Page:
Three years ago, I found myself at the United Nations Human Rights Council (HRC), playing a game with an eight year old girl – I would say the name of an animal and she would draw it. She was an Eritrean refugee and had come to the HRC with her parents as part of a delegation who were there to give testimony at a side event. Her entire family had been detained by the government, locked up with others in a shipping container. She shared memories of the entire place smelling awful, of being freezing cold at night and roasting hot during the day and of how she and her other siblings joked about which family member was covered with the most lice. A serious issue was turned into a game as their parents did their best to shield their children from the full force of the horrors they were experiencing.
As Ján Figel starts his second year as the EU Special Envoy for the Promotion of Freedom of Religion or Belief (FoRB) outside the European Union, the last 12 months of his time in this new mandate show the respect for this role that has developed amongst sceptics and the potential for his role going forward.
In under 12 months Mr Figel has raised the profile of FoRB as a human rights priority for the EU, highlighting the important role religion and belief, including the right not to believe, plays in the daily experience of millions across the globe.
Early on in his first term the Special Envoy said “FoRB is a litmus test for general human rights… Those who don’t understand, religion and the abuse of religion can’t comprehend what is going on in the world today.” At the end of his first year, there has been a visible widening of EU engagement on this sensitive human right, as part of its dialogue and development policies.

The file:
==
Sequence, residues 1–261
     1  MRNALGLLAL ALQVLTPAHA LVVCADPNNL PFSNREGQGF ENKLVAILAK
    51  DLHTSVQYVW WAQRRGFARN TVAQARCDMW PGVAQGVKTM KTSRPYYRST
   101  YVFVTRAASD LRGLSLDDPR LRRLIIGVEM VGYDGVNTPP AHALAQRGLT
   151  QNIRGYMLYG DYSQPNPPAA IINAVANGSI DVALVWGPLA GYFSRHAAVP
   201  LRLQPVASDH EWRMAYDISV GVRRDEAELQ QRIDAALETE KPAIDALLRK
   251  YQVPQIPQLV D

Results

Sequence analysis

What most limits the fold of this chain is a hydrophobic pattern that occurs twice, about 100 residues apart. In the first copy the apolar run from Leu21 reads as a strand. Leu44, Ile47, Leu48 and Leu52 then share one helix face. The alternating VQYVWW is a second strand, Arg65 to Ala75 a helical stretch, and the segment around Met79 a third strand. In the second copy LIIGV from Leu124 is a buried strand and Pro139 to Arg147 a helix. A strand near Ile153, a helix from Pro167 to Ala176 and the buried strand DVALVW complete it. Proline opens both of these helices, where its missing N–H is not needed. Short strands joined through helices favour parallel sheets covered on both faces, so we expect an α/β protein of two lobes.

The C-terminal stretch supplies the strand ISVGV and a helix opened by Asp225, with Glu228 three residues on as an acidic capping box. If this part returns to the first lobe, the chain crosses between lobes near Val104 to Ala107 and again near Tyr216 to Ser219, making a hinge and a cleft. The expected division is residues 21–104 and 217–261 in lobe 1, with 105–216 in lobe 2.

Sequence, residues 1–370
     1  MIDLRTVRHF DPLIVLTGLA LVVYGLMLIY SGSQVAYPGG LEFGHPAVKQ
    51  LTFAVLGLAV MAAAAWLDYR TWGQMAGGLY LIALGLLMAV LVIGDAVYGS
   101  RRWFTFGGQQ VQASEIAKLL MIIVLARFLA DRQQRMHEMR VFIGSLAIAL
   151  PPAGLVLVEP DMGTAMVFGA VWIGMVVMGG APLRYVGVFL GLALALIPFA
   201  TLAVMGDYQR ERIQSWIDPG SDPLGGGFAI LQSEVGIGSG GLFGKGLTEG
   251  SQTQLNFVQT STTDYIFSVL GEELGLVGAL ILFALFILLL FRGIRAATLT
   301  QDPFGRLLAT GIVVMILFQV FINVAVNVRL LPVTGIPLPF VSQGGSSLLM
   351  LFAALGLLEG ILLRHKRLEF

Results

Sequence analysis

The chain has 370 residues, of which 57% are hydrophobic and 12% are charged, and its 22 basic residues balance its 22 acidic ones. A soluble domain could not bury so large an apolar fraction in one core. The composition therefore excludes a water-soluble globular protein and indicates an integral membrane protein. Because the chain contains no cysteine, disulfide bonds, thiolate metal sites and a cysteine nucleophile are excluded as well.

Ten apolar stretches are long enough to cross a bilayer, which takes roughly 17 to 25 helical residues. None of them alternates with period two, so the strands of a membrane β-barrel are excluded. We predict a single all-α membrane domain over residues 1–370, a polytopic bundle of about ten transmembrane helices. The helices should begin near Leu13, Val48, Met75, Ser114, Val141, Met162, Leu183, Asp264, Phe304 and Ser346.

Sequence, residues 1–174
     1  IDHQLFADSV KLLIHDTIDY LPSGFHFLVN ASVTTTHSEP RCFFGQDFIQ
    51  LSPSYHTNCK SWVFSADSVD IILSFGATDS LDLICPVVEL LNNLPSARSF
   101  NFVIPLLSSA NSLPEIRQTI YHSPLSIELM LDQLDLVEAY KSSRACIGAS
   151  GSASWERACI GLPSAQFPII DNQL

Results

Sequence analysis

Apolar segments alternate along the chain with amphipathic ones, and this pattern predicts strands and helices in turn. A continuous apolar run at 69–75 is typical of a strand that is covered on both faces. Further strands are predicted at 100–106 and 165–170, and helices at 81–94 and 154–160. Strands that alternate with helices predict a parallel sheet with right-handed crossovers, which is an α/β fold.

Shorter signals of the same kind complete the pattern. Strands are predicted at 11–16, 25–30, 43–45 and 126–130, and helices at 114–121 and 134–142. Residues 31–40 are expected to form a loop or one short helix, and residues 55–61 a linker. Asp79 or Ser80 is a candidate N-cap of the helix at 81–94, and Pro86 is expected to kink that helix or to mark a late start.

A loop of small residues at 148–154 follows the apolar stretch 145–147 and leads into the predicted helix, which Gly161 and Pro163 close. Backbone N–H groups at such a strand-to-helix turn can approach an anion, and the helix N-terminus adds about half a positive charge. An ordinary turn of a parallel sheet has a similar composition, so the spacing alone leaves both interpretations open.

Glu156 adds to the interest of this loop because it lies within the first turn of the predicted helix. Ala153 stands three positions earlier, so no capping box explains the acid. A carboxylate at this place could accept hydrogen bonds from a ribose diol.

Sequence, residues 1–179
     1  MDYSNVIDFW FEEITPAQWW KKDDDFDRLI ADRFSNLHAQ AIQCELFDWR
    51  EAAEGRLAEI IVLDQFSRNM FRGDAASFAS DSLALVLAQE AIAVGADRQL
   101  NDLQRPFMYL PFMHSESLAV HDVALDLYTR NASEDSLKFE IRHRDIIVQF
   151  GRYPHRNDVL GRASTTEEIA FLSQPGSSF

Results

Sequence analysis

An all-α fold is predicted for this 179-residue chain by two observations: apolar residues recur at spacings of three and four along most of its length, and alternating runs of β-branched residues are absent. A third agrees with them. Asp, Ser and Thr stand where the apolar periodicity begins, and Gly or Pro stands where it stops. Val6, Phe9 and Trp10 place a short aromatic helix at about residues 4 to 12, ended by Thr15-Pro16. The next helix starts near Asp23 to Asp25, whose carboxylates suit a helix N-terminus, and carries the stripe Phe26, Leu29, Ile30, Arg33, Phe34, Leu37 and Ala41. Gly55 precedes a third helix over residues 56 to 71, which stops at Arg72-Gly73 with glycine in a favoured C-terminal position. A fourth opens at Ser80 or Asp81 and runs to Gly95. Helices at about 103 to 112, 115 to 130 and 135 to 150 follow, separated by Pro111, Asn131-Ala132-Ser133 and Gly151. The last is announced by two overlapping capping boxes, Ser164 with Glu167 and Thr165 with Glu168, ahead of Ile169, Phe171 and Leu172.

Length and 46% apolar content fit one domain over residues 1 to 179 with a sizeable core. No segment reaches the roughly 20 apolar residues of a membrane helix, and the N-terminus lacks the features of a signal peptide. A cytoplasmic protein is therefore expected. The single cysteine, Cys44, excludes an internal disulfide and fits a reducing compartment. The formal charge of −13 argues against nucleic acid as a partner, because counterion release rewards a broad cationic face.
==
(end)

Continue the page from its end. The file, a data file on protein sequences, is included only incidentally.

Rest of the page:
“FoRB is a litmus test for general human rights… Those who don’t understand, religion and the abuse of religion can’t comprehend what is going on in the world today.” – Ján Figel, EU Special Envoy for the Promotion of Freedom of Religion or Belief
Sudan is one of several countries with poor human rights records which Mr Figel has visited in his first year. Such visits open up opportunities for a senior EU diplomat to engage with religious leaders and religious communities to address societal hostilities, in addition to working with government officials.
Li Heping’s reunion with his family on 9 May 2017 was a moment for celebration; the celebration of an innocent man’s reunion with his long-suffering family and the celebration of the end of a period of torture, interrogation and imprisonment. But the joy of Li Heping’s reunion with his family is tempered by continuing concerns for his safety, and the injustice of his situation.
Who is Li Heping?
Li Heping is one of China’s most experienced and high profile human rights lawyers. He began working on sensitive cases around 2002 and is well known for defending the human rights of religious minorities, including Christians and Falun Gong practitioners, as well as activists and victims of torture.
His work on these cases led to a confrontation with the state. A Chinese security agent reportedly once told him that, in the eyes of Beijing, Li had become “more dangerous than Bin Laden”. In September 2007, Li was abducted, stripped and tortured by security forces. He then had his lawyers’ license revoked in 2009, and continued to be consistently monitored.